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Chromatic for Diatonic Players


Blues Chromatic, Part 5: Key of D




by Winslow Yerxa


When you hear blues played on the chromatic harmonica by the great blues players, from Little Walter through George “Harmonica” Smith to Rod Piazza, Mark Hummel, William Clarke, or Kim Wilson, you hear that magnificent, huge D minor draw chord that’s like ripe fruit just waiting to be picked. You use that draw chord, along with all sorts of tongue blocked textures and some licks that don’t even need the chromatic slide button, and you can make some mighty fine music.

But this time, even though this installment is about blues in D, I’m not going to write about the classic approach. Don’t get me wrong, it’s a great sound, and I won’t ignore it – in fact, in the next issue I’ll cover the basics and then show you some new twists on it. But right now I want to show you an approach that will let you dig a little deeper than just that big draw chord. Later, when you come back to it, you’ll have the tools to add all sorts of things that weave around it and will let you integrate the classic sounds with your own ideas.

Before starting in on D blues, let’s review the way I’ve been working through a series of keys, one for each issue of HarmonicaSessions.com. Back in February 2008, and again in April 2008, I started with the key of B, then moved on to E and A in the June and August issues. Now we’ve arrived at D.

Why go through keys in this sequence? Because in the new key, you can use 2/3 of what you learned in the last key because they share two of the three basic chords. Along with those shared chords you have shared licks and scales you can use as well. All this shared material makes it easier to find things to play in the new key because parts of it are already familiar.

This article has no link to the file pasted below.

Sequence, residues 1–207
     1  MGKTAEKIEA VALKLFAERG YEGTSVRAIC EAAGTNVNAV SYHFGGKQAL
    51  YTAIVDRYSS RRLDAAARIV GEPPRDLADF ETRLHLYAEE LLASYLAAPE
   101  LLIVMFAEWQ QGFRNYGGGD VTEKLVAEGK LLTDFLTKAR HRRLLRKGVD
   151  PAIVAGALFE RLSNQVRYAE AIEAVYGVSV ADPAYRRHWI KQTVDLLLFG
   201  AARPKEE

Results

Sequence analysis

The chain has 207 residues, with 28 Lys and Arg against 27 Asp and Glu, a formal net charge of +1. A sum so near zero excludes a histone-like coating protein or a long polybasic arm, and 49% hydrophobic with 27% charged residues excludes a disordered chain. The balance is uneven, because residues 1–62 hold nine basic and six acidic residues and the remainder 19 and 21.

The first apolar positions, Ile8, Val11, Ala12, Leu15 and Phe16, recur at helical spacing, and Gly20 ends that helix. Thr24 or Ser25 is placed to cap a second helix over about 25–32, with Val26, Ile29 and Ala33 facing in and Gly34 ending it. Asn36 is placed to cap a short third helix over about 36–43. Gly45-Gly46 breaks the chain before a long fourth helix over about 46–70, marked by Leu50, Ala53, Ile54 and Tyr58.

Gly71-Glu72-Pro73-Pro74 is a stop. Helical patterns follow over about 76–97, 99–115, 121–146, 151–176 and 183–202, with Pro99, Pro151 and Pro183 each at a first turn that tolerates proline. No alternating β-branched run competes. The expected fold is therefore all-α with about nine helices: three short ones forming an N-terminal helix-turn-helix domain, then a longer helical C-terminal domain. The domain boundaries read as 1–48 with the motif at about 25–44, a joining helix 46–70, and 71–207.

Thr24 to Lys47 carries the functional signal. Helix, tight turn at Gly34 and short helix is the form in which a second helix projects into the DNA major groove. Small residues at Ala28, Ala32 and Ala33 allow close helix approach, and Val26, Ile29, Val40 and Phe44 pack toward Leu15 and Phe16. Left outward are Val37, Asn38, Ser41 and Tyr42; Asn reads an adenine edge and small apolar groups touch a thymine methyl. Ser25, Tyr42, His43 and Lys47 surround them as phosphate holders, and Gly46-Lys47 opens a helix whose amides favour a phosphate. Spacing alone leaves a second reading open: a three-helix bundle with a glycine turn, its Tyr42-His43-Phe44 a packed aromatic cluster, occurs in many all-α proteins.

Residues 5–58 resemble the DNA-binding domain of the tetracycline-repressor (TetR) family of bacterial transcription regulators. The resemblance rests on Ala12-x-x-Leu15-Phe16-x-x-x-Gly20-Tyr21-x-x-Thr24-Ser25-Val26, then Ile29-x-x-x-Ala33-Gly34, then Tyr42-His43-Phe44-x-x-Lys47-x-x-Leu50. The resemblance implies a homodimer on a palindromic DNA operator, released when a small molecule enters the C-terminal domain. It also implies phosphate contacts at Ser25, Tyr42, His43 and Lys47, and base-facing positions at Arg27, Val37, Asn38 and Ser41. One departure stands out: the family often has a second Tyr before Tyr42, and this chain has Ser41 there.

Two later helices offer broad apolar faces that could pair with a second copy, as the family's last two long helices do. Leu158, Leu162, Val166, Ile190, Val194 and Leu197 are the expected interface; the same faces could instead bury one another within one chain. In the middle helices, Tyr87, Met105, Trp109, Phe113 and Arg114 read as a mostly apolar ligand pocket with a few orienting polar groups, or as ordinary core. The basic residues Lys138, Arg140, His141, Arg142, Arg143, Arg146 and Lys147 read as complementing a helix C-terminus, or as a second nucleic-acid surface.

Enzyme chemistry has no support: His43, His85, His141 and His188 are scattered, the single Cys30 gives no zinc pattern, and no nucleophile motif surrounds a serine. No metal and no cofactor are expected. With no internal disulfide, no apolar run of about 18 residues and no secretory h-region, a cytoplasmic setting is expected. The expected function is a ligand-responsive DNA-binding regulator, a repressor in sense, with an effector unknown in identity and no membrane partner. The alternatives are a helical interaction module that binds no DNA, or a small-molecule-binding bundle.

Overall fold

Here’s a map of the keys in this sequence and their overlapping chords, starting with the
key of B:

Key of B

 

 

 

 

V

I

IV

 

 

 

 

F#

B

E

 

 

 

 

 

Key of E

 

 

 

 

V

I

IV

 

 

 

 

B

E

A

 

 

 

 

 

Key of A

 

 

 

 

V

I

IV

 

 

 

 

E

A

D

 

 

 

 

 

Key of D

 

 

 

 

V

I

IV

 

 

 

 

A

D

G

 

 

 

 

 

Key of G

 

 

 

 

V

I

IV

 

 

 

 

D

G

C

In case this looks like gibberish, let me recap:

The most important chord in any key is the I chord (as in Roman numeral “one”). The I chord is always built on the home note of the key. In the key of B, the I chord is B. In E, the I chord is E, and so on. The next most important chords are the IV chord and the V chord. Learn to play over those three chords and you can play a huge amount of music in that key – and not just blues. Rock, country and many other styles also use the I, IV, and V chords.